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I am here today as a women in the LGBTIQ community.

In the time I have I want to sum up some of the issues in our community and I need you to
know that there are many more ongoing complex issues, many of which relate to societal
norms and gender norms that I wont be able to touch on, and are equally important.
It would also be amiss for me to not stand back and celebrate the achievements of all women,
who have fought to pave out the opportunities I now benefit from, as today is about both
celebrating the extraordinary strength of women, and highlighting the issues women still
face.
I came out when I was 12 years old. At the time I didn't realise that coming out doesn't just
happen once, it happens every day of your life, from every new person you meet, every new
workplace, to every retail store sales person that sees you with your partner and wants to
know if you're best friends, sisters or cousins. I remember so clearly what it felt like to
wonder what people would think and if they'd feel differently about my character. I remember
the humiliation I felt over some of the responses I received in coming out. I was asked time
and time again, how could I know that I wanted to date women if I'd never dated men? We
still live in a society where heteronormativity is pushed upon us, and bisexual women are
presumed to be confused or promiscuous, even amongst the LGBTIQ community. I was
fortunate to be able to express my identity as a teenager without facing many of the issues
LBTQ women still face all over the world. My path hasn't been travelled without bumps in
the road, and I haven't always been confident to stand up at the worst of times. I am here
today to say that I will not settle on being tolerated, and I will not settle for any women being
'just' tolerated.
As of July 2015, 72 countries around the world have laws that criminalize homosexuality.
For some of us it's hard to imagine that if you're over 19 today, homosexuality was still
criminalised in your life time in Australia. Tasmania was the last Australian state to
decriminalise same-sex sexual activity in 1997. In Victoria, consensual same sex activity
carried the death penalty until 1949. Although many of these laws related to sodomy, the
sentiment that was projected to and by the public was that homosexuality is wrong in all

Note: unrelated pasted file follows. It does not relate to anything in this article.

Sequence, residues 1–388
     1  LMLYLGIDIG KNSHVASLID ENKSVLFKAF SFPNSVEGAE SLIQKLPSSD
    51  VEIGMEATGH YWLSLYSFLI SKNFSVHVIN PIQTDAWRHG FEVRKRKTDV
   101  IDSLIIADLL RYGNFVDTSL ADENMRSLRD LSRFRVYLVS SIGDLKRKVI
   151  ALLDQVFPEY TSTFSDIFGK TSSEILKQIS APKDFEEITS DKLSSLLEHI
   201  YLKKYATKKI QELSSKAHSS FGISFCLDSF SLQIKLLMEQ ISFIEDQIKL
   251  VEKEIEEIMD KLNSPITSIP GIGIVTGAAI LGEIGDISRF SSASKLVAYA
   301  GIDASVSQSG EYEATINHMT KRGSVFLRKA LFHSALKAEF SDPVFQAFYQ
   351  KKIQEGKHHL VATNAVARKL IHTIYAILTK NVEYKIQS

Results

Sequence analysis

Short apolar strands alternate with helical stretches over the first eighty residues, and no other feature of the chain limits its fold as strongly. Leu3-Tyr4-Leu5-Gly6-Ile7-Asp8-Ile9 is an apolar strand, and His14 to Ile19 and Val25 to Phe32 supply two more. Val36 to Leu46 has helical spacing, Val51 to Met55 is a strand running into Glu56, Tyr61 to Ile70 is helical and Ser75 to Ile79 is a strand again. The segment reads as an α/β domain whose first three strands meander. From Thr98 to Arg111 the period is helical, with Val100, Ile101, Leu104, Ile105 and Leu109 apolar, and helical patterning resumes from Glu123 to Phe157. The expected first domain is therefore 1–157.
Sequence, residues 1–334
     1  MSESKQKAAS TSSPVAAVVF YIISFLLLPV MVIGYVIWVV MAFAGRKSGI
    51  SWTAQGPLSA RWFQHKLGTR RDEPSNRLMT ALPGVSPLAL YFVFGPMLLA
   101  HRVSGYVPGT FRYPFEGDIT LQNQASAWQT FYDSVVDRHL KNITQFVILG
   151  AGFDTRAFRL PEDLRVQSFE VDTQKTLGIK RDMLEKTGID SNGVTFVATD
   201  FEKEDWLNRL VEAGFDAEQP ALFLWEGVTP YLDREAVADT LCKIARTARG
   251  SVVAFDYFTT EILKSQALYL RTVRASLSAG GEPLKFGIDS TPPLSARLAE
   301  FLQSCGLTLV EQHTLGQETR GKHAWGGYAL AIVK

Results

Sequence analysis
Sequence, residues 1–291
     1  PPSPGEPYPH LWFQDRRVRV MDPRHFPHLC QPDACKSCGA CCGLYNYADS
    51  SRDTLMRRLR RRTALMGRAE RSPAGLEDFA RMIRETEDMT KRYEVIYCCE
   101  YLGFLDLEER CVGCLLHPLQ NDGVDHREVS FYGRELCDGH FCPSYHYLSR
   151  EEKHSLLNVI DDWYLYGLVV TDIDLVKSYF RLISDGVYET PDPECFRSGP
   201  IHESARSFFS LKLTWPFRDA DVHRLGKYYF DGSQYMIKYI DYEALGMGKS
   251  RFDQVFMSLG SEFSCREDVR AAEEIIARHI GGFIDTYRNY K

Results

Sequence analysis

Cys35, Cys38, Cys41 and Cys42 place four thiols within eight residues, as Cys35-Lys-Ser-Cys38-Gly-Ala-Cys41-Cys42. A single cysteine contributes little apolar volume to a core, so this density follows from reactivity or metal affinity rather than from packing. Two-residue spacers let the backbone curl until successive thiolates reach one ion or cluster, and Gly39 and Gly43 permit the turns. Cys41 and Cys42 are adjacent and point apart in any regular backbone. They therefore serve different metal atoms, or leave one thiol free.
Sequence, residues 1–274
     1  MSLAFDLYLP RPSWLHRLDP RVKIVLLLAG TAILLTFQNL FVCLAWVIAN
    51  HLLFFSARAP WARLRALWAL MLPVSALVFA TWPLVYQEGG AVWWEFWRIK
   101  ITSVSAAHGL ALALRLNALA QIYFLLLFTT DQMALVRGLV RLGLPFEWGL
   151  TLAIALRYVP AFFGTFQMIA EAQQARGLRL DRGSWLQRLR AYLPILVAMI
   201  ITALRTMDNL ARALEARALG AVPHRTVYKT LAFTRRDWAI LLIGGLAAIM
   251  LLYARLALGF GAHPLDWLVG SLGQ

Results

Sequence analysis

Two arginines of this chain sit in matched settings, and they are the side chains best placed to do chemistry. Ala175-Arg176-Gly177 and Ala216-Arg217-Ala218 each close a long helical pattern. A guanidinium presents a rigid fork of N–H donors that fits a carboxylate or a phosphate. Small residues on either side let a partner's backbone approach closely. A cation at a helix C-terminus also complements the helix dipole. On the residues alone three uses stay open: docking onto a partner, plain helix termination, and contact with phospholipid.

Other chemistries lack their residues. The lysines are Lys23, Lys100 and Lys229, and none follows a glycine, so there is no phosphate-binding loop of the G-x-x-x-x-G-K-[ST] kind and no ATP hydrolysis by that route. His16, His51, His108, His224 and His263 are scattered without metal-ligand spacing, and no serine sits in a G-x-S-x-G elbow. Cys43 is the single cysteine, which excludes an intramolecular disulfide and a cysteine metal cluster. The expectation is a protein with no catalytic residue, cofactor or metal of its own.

forms. Another reflection of these laws shows the low priority that has been given to same
sex female relationships throughout our history.
QLD and SA still allow for gay panic defence laws to be used to justify an assault or even
murder. We're yet to see equality in many areas such as adoption, surrogacy and marriage in
most states. We need to progress birth certificate reforms and changes to interventions in the
law for transgender, gender diverse and intersex people. Religious exemptions from antidiscrimination laws affect many people that access or work in schools and health services.
LBTQ women experience rape, physical violence, stalking, and intimate partner violence at
higher rates than their heterosexual counterparts. A US report in 2014 recorded American
bisexual women experience these types of violence at a rate as high as 61%. LBTQ women
are also more likely to experience anxiety and depression, and attempt suicide.
The past 12 months have seen progress and deterioration in many areas that affect women. In
the LGBTIQ community in Australia we have faced recent calls to suspend antidiscrimination laws for the duration of a proposed marriage plebiscite which would
be enormously harmful for LGBTIQ youth, and harmful for children of LGBTIQ families.

We've also faced calls for the anti-bullying program Safe Schools to be terminated, and our
harsh asylum seeker policies see Australia sending LGBTIQ refugees to places where
homosexuality is criminalised.
On the other hand, some of the recent progress we've seen has included the appointment of
Gender and Sexuality Commissioner, Rowena Allen in July 2015. Last month the Health
Complaints Bill 2016 was introduced in state parliament to crack down on dangerous
practitioners. The proposed laws will also crack down on 'conversion therapy' which attempts
to covert gay, transgender or gender diverse people through medical or therapeutic means.
This still happens in Victoria, often robbing the dignity from our LGBTIQ youth. We know
that every professional health body in Australia is opposed to conversion therapy including
the Australian Psychological Society. We hope that this bill will send the message that same
sex attraction and gender identity should not be treated as though it is a choice.
On top of removing discriminatory laws and changing other laws to factor in the needs of
LGBTIQ people where we are currently missing, we need to put foundations in place such as
education in schools and for health service providers to ensure we tackle the homophobia and
misconceptions these systemic issues have left us with.
My hope is that future generations of LBTQ women won't need to feel unsafe or ashamed,
that they will be given the same opportunities as their heterosexual and male counterparts,
and that someday there will be no need for a coming out story.